When the Last two men on earth face each other across a battlefield, will they be willing to admit that was is for fools?
On the morning that contact with N sector was broken, Captain Manning was resting in his lead-walled cubicle about a mile beneath what was once Butte, Montana. He didn't know then that N was out of contact, of course. He knew that K and L were gone--they'd been out of touch two months now--but he didn't know about N.
Captain Manning had been ten years old when the war started. Now he was thirty-six, a lean, graying man with tired eyes and unhealthy looking skin. The vitamins and sun lamps never seemed to help him much. He hadn't been above ground, except for a few short plane trips, in more than twenty years and he sometimes felt that one breath of real air and a touch of sunlight would do more for him than all the artificial stimulants in the world.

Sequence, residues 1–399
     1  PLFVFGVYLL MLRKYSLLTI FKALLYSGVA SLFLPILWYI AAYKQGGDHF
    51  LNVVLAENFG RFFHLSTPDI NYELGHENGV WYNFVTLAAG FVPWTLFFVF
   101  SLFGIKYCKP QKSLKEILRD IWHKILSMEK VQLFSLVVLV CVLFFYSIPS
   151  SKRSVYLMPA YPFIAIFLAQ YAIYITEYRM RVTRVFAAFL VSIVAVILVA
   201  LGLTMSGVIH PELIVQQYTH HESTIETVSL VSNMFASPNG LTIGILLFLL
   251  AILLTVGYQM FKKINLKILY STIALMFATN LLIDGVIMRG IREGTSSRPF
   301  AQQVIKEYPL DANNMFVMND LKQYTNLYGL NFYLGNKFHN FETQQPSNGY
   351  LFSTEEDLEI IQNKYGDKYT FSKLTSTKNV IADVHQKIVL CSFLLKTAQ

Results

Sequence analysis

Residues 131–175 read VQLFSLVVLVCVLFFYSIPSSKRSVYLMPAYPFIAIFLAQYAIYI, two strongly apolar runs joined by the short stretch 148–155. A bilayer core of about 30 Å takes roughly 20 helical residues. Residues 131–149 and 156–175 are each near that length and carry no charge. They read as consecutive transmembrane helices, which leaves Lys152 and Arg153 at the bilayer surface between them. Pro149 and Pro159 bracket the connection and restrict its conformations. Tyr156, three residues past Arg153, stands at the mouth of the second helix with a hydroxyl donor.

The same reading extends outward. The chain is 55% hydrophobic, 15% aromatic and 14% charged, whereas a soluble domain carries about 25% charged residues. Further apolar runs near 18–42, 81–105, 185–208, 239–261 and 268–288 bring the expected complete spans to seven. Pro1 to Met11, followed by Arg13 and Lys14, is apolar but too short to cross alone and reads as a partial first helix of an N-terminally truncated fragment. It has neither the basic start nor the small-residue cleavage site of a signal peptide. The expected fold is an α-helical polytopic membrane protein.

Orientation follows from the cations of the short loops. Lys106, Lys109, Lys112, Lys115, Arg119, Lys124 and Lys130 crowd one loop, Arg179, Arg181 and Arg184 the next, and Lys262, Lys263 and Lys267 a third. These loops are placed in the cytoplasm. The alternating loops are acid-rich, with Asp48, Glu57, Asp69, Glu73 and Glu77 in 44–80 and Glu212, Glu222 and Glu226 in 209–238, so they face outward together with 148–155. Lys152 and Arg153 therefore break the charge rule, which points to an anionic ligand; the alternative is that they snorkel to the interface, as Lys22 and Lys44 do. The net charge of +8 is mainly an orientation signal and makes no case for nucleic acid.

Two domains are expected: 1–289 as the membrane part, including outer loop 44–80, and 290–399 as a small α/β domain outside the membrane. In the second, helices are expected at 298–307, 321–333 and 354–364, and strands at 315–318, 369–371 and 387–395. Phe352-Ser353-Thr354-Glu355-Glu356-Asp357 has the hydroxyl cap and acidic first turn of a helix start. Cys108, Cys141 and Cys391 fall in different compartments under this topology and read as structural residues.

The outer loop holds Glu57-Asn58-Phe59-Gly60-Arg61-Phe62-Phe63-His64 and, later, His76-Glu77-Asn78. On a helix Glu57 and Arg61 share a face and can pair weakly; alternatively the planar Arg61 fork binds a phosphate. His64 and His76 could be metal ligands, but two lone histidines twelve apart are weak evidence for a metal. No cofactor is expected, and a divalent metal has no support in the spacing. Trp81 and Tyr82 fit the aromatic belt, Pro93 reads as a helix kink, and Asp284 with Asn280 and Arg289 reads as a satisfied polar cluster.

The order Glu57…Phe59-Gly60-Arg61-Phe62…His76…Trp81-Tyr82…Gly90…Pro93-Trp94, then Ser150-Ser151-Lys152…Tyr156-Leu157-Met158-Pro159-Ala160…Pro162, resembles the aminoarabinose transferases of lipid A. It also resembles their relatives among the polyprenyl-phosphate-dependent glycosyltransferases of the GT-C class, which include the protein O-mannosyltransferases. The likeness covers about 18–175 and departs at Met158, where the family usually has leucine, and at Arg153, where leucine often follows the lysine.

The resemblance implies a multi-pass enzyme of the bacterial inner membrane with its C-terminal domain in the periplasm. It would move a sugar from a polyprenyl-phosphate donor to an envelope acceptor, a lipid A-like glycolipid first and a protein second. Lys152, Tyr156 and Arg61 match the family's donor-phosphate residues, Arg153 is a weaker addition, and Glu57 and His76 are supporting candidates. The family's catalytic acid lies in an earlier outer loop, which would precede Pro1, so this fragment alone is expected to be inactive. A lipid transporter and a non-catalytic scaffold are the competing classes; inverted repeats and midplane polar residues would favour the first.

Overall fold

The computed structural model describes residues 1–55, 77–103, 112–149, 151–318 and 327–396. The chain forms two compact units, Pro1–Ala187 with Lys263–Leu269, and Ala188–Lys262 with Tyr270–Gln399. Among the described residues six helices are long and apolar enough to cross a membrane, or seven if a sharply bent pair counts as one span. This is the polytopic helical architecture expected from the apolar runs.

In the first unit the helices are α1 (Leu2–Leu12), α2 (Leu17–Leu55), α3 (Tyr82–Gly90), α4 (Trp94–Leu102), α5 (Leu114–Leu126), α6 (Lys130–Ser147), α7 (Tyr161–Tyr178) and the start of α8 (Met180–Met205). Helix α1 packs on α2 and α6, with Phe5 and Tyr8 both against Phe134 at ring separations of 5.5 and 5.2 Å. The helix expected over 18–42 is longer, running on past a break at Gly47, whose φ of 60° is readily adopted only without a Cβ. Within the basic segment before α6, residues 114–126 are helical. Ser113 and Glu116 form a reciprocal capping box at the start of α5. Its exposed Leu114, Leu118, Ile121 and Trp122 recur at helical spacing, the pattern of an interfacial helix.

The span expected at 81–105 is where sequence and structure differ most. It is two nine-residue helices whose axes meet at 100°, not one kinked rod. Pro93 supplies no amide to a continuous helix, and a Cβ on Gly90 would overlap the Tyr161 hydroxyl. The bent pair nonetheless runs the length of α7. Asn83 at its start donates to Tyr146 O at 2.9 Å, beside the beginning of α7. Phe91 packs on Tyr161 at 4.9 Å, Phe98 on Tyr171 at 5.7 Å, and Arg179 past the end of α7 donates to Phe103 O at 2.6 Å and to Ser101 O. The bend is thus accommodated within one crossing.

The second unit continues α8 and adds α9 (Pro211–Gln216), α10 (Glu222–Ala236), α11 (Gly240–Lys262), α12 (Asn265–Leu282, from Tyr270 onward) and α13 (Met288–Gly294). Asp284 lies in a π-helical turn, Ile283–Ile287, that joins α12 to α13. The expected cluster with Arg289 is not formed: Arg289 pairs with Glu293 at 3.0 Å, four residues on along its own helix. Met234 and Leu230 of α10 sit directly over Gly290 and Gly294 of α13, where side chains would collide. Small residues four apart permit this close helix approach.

That was silly, of course. It was demonstrable by scientific tables that human beings thrived in an under-ground existence. Yet Captain Manning still yearned occasionally for a look at the sky and the smell of leaves. A psychiatrist once had told him that his feeling was natural and normal, and to stop worrying about it. Living underground was an adjustment to the facts of the war, and while adjustments were necessary and practical, one didn't have to like them in toto. That was the way the psychiatrist had put it. Captain Manning had liked the psychiatrist, a bluff, capable man with the odd name of Blackapple. Dr. Blackapple had left several years ago, now, but his replacement had never arrived.